Appreciative Inquiry in Healthcare: Positive Questions to Bring out the Best
Appreciative Inquiry in Healthcare offers a practical "toolkit" designed to stimulate positive change and engage others in creating the healthcare environment so desperately needed today. It offers an encyclopedia of unconditionally positive questions to encourage dialogue about what is right in health care.
Diana Whitney and Center for Appreciative Practice faculty created this book as the result of dozens of hours of conversation and interviews across the UVA Health System. The Center’s interprofessional team worked with more than 30 groups encompassing all levels and aspects of healthcare, helping to guide them through the process of culture change. This book is the distillation of that work – outlining questions designed to:
- Harness the creative energy and passion of people at all levels
- Focus the positive energy on the challenges facing your healthcare organization
- Create a culture of top-quality care
- Learn about and support the best of caregivers, patients, and families
- Embrace improvement opportunities with commitment and optimism
- Build collaboration based on trust and a belief in the best of one another
Although the book is designed to stimulate change in the healthcare arena, the questions are easily adapted to other professional environments. AI in Healthcare is available on Amazon.com or you may purchase a copy directly from the Center (which gets you a free bookmark!).
Choosing Wisdom: Strategies and Inspiration for Growing Through Life-Changing Difficulties
by Margaret Plews-Ogan, Justine E. Owens, and Natalie May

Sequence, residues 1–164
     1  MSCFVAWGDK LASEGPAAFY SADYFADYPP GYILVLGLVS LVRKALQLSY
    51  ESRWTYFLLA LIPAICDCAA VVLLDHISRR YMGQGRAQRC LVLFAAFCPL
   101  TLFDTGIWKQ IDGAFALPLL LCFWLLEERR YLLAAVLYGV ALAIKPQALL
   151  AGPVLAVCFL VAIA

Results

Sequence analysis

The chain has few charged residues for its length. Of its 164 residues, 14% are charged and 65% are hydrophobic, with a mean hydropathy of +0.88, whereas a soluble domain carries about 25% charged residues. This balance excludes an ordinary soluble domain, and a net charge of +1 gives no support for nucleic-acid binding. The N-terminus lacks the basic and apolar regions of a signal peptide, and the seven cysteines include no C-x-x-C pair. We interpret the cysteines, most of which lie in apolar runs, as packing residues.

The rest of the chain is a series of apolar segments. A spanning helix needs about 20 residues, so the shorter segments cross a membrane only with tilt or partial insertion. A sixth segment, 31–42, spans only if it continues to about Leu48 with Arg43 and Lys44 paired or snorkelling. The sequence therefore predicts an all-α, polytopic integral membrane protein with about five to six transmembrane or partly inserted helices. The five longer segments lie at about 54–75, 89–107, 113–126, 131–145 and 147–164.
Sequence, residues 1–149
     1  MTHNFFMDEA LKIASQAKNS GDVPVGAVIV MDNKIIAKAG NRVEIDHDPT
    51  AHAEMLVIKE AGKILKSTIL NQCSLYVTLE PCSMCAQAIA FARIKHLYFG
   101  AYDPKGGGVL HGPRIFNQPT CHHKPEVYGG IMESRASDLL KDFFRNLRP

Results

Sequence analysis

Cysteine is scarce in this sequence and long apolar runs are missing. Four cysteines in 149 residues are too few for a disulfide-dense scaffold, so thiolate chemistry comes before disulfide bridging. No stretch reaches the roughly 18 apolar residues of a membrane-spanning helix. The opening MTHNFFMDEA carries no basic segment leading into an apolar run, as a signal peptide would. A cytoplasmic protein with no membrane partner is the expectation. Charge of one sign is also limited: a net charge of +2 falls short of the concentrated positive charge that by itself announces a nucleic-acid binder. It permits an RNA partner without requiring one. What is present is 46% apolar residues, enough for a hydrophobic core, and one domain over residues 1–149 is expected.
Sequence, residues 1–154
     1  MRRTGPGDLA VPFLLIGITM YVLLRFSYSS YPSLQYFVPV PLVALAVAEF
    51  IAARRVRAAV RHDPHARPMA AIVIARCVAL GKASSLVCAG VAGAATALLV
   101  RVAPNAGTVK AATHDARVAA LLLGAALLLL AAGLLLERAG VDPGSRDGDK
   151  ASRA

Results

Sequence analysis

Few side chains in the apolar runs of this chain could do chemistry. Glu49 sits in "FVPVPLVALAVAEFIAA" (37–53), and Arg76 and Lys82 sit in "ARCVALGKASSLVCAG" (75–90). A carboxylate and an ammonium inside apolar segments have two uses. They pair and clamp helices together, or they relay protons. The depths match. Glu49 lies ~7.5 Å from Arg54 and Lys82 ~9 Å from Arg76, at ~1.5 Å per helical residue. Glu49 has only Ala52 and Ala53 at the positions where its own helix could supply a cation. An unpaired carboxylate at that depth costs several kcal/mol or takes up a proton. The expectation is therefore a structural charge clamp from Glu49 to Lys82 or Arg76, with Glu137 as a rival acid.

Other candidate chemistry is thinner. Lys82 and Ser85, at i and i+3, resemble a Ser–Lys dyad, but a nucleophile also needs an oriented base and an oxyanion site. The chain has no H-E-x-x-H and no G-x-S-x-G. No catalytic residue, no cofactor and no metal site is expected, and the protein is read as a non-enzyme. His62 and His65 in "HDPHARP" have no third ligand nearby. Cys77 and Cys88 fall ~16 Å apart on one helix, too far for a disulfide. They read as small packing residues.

"Every once in awhile a book comes along that alters the landscape of words and thoughts; Choosing Wisdom is one of those rare books. I never heard of 'posttraumatic growth' until I read this book and now it is term that lives hopefully in my soul. As a hospice and palliative care physician for the past 12 years, it was always interesting to watch individuals enter the terminal phases of their life; some spend their last days and weeks filled with anger, bitterness, and regrets while others enter the dying process filled gratitude, love, and hope. Why the difference? In Choosing Wisdom, a team of researchers at UVA, led by Margaret Plews-Ogan, MD, explores how average people respond to adversity, how they change, and what factors help or hinder positive change.
"This is a book about 'hope,' although I don’t think that word came up often. This book gradually but persistently instills into the reader the hope that people–that I–can choose a wise path, one that will turn my sufferings and adverse experiences into something good. By entering the journeys of the patients described in this book, we learn how we can grow, change, and develop wisdom through adversity and how we can help others pick the wise path.
"I strongly and enthusiastically recommend this book to every health care provider, anyone facing their own difficult journey, and every person who wants to help others face life’s difficulties."
-James A. Avery, MD, CMD, FACP, FCCP, FAAHPM
Chief Executive Officer, Hospice of the Piedmont, Charlottesville, VA
“This is a wonderful and very accessible book that gives hope to all who suffer from physical and emotional pain. The participants in this study show how the straw of adversity can be spun into the gold of wisdom. I highly recommend this book to anyone who believes that life is a journey toward psychosocial growth.”
-Monika Ardelt, PhD, Associate Professor of Sociology, University of Florida